A blind person needing help (active personal service) in getting about in unfamiliar places may be entitled to attendance allowance. The court was willing to give ‘bodily functions’ a fairly wide meaning. Seeing was a bodily function.
Lord Woolf and Lord Browne-Wilkinson
Gazette 15-Jun-1994, Times 28-Apr-1994, Independent 26-Apr-1994,  1 WLR 630
Social Security Act 1975 35(1)(a)
England and Wales
Appeal from – Mallinson v Secretary of State for Social Security SSCS 21-Apr-1994
Cited – Moyna v Secretary of State for Work and Pensions HL 31-Jul-2003
The appellant had applied for and been refused disability living allowance on the basis of being able to carry out certain cooking tasks.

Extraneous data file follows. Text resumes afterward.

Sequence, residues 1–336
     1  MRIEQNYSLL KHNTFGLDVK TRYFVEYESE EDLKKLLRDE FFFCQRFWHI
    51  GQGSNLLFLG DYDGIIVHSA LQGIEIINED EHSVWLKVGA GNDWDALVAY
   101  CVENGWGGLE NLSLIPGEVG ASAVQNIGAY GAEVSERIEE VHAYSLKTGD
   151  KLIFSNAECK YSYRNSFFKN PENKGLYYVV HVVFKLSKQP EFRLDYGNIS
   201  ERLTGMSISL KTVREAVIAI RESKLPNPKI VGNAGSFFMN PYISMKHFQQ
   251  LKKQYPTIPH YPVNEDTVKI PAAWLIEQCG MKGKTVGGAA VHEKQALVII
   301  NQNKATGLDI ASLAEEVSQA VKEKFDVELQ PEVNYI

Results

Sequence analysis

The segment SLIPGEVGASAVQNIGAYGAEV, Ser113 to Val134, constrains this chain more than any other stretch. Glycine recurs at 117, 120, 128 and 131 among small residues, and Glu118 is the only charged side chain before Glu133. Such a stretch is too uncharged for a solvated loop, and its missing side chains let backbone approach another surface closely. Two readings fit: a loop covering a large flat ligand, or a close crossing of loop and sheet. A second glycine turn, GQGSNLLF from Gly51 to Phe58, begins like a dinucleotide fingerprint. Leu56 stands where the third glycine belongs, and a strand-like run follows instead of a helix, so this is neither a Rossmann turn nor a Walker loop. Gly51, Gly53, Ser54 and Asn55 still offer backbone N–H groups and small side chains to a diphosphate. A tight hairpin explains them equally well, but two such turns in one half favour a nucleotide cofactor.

Held: The purpose of the ‘cooking test’ is not to ascertain whether the applicant can survive, or enjoy a . .
Appealed to – Mallinson v Secretary of State for Social Security SSCS 21-Apr-1994
Cited – Cockburn v Chief Adjudication Officer and Another and Secretary of State for Social Services v Fairey HL 21-May-1997
The provision of an interpreter for a deaf person was included in range of care needed for attendance for Disability Living Allowance. Dealing with his soiled laundry was not so included: ‘In my opinion it is not enough to ask whether the act in . .
Lists of cited by and citing cases may be incomplete.
Updated: 01 November 2021; Ref: scu.83355